21 Dec, 2020     21 Dec, 2020

C#: Calculate positions on the circumference of a circle

Programming, .NET, C#

Imagine a regular clock-face. 12 o’clock is at the top-most position and 11 more numbers around the outside edge at regular angles from the centre.

Recently I needed to find the location of points on the circumference of a circle. Using an angle and the distance from the origin of the circle (radius), I needed the coordinates (x and y). This should have been a simple exercise and it (mostly) was but it is not one I want to repeat again. For alas, the Pythagorean Theorem and I are somewhat estranged. To say that I am rusty is an understatement.

As such, here is how I found points on the circumference of a circle, given the angle and radius.

Let’s get started, full source code at the bottom.

 

0. The Explanation
This is essentially some straight-forward maths.

  • We are give a rectangle. Find the largest regular circle that fits inside and place it in the centre of the rectangle.
  • Given an angle and the distance from the origin, calculate the x and y position of a point that intersects the circumference.
  • Take the position of the point and offset it with the origin. Offset each quadrant accordingly.
  • Let’s use degrees for the angle rather than radians

 

1. The Exceptions
Before we get trigger-happy with the Pythagorean Theorem, there are four exceptions that can be simplified.

The 0°, 90°, 180° and 270° all have one element in the coordinate that is zero and the other is the radius.


public PointF GetPoint(int deg, int distance)
{
    PointF origin = this.Origin;
    PointF rs = new PointF()
    {
        X = origin.X,
        Y = origin.Y
    };

    if (deg == 0)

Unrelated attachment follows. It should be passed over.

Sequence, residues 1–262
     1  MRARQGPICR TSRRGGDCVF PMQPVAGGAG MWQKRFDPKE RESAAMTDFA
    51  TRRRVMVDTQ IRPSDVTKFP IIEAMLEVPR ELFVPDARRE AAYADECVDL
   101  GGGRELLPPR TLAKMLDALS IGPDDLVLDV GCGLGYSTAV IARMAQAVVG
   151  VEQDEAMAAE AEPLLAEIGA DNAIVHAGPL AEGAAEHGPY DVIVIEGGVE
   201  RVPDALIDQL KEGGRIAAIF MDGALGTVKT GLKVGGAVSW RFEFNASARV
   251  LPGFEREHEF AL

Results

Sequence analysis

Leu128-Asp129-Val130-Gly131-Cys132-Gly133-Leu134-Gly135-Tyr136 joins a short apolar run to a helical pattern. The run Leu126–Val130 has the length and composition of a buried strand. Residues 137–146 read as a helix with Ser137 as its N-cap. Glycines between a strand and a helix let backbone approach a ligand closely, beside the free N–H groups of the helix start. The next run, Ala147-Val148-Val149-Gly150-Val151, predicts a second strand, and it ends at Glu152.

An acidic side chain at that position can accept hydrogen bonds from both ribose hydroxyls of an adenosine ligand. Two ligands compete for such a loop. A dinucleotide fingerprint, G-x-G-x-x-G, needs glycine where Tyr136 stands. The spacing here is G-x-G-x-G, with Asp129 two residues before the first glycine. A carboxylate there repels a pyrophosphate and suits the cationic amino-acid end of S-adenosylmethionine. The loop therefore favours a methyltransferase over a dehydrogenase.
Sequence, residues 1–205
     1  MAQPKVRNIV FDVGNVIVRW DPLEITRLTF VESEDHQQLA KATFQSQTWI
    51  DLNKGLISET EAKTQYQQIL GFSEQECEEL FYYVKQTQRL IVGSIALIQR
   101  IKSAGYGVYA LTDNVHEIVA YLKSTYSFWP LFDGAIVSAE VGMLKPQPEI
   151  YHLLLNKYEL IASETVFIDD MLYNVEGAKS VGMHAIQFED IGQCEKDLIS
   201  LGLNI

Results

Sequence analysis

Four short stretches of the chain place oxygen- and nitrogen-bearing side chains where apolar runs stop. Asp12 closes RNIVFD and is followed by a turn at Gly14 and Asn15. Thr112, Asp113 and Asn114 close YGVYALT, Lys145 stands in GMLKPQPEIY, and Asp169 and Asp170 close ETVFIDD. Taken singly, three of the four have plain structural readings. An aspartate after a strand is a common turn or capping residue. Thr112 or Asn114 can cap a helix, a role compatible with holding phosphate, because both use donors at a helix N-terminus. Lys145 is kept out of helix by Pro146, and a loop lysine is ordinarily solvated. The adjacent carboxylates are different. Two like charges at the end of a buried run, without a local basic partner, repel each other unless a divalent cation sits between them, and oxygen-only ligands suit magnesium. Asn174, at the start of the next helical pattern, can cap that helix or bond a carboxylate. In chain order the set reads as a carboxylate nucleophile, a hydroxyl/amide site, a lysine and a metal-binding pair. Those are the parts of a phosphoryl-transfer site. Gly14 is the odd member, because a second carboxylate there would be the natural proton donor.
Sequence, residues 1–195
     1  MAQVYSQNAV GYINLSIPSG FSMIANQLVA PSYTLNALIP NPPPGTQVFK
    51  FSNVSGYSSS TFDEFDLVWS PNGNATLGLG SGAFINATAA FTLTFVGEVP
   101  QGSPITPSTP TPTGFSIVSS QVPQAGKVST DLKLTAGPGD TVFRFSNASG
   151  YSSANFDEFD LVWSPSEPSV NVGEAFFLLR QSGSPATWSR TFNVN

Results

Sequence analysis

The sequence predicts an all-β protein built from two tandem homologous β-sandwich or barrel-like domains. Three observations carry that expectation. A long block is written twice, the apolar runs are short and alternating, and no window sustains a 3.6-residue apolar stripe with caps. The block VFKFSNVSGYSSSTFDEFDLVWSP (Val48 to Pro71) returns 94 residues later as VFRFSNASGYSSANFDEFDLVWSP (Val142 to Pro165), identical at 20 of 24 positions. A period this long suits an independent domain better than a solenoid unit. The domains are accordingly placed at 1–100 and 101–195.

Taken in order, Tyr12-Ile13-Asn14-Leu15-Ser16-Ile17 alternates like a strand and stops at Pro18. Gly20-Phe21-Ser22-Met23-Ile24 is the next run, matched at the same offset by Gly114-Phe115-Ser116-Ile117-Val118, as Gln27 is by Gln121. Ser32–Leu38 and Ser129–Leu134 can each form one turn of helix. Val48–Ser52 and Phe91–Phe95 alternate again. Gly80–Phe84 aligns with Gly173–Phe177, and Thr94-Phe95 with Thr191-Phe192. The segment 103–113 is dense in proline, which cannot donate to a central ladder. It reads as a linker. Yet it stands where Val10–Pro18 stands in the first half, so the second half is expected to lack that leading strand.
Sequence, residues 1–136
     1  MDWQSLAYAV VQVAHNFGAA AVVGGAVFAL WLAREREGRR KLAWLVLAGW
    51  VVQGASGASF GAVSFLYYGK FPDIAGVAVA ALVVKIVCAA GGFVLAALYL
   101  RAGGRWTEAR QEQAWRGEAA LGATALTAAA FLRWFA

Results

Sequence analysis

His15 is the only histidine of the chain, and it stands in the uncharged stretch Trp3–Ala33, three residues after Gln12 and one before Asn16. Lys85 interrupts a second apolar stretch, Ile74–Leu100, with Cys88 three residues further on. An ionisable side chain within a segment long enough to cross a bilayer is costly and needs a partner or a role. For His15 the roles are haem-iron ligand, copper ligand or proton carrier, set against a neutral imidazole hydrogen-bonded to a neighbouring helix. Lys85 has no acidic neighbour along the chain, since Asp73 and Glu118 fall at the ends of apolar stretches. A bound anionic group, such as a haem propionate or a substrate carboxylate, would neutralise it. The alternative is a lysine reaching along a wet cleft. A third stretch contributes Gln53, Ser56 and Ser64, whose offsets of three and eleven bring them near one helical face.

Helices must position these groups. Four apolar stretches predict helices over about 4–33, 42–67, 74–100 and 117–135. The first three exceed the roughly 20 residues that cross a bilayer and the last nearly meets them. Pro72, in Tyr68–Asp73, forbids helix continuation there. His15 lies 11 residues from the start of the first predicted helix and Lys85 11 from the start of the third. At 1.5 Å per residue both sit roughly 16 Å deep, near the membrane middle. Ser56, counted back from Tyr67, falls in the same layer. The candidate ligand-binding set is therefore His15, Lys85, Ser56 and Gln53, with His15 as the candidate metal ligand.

{
        rs.Y -= distance;
    }
    else if (deg == 90)
    {
        rs.X += distance;
    }
    else if (deg == 180)
    {
        rs.Y += distance;
    }
    else if (deg == 270)
    {
        rs.X -= distance;
    }
    else
    {
        /// todo: top-right
        /// todo: bottom-right
        /// todo: bottom-left
        /// todo: top-left
    }

    return rs;
}

 

2. The Trig’
Now we apply the maths, the trigonometry is the same but treat each quadrant separately. This way we are simply changing the way we offset the origin with the point position.


    else if ((deg > 0) && (deg < 90))
    {
        rs.X += (float)(distance * Math.Sin(calcToRad(deg)));
        rs.Y -= (float)(distance * Math.Cos(calcToRad(deg)));
    }
    else if ((deg > 90) && (deg < 180))
    {
        rs.X += (float)(distance * Math.Cos(calcToRad(deg - 90)));
        rs.Y += (float)(distance * Math.Sin(calcToRad(deg - 90)));
    }
    else if ((deg > 180) && (deg < 270))
    {
        rs.X -= (float)(distance * Math.Sin(calcToRad(deg - 180)));
        rs.Y += (float)(distance * Math.Cos(calcToRad(deg - 180)));
    }
    else if ((deg > 270) && (deg < 360))
    {
        rs.X -= (float)(distance * Math.Cos(calcToRad(deg - 270)));
        rs.Y -= (float)(distance * Math.Sin(calcToRad(deg - 270)));
    }

 

A. Code Usage
I created a class in a similar way to the System.Drawing.Rectangle.

This is an example using the class to paint a 12-point clock-face


protected override void OnPaint(PaintEventArgs e)
{
    base.OnPaint(e);

    Graphics g = e.Graphics;

    Circle circle = new Circle(this.DisplayRectangle);
    int radius = 60;

    for (int i=0; i<12; i++)
    {
        PointF pos = circle.GetPoint((i * 30), radius);

        g.DrawString((i == 0 ? 12 : i).ToString(), this.Font, new SolidBrush(Color.Black), pos);
    }

}

 

Well, that’s that.

I hope someone finds this interesting or useful.
 

Code Repository